Even more troubling, the value and understanding of truth seems to be shaky in our country. The Wall Street Journal, in recapping recent political polling, writes, “The share of respondents expressing “strong” approval of the president jumped from 29% to 35%, its highest level ever, and the share regarding him as “honest” rose from 30% to 37%.”

The last fact took my breath away. It is well known that President Trump is not prone to truthfulness. His factual errors and downright lies are well documented in the media.** And yet, here we are, the number of people stating they regard Trump as honest is rising in the polls as people react to impeachment news. What a troubling time; we seem to not even know how to evaluate honesty and truth anymore.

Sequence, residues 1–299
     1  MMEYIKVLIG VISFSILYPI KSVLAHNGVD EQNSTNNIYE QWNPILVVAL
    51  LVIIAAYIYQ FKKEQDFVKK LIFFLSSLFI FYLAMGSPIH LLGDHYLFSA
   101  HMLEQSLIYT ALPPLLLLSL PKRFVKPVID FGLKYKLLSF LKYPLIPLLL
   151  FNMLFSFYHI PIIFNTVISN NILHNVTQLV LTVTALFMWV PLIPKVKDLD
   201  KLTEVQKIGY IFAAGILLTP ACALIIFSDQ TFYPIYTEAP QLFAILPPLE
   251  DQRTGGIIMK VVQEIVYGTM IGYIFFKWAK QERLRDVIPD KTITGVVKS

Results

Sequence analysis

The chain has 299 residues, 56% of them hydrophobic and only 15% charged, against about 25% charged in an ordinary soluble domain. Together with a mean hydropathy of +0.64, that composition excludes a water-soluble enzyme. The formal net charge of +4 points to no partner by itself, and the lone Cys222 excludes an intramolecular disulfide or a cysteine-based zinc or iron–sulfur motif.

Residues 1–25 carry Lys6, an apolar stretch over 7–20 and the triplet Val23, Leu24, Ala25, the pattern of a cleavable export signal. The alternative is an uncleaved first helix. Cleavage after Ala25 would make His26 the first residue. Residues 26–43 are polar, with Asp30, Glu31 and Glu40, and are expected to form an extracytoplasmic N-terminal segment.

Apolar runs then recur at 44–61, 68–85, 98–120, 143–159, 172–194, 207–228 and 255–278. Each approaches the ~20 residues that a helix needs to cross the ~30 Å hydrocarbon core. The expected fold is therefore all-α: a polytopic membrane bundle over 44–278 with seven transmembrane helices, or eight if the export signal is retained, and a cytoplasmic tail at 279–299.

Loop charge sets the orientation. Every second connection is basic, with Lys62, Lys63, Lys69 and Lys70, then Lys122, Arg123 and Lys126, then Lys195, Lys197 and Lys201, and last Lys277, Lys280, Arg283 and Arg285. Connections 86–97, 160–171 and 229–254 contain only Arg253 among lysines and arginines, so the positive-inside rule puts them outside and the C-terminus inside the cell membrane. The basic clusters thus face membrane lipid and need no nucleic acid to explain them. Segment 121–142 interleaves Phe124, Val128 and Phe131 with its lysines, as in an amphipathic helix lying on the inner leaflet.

What do we do? We rededicate ourselves to desiring truth. We check our own hearts; it starts with us as individuals. Are we reading the news hoping our chosen party will be vindicated? Are we likely to avoid news that shares evidence that might discredit our opinion? Are we filtering everything we hear through a lens of our desired outcome? We need to be careful of confirmation bias and the desire to be proven right. Let’s rededicate ourselves to desiring and seeking truth. Truth will lead us forward, even if it turns out to be truth we didn’t want to hear.

3) Let’s seek to move towards each other instead of towards political power.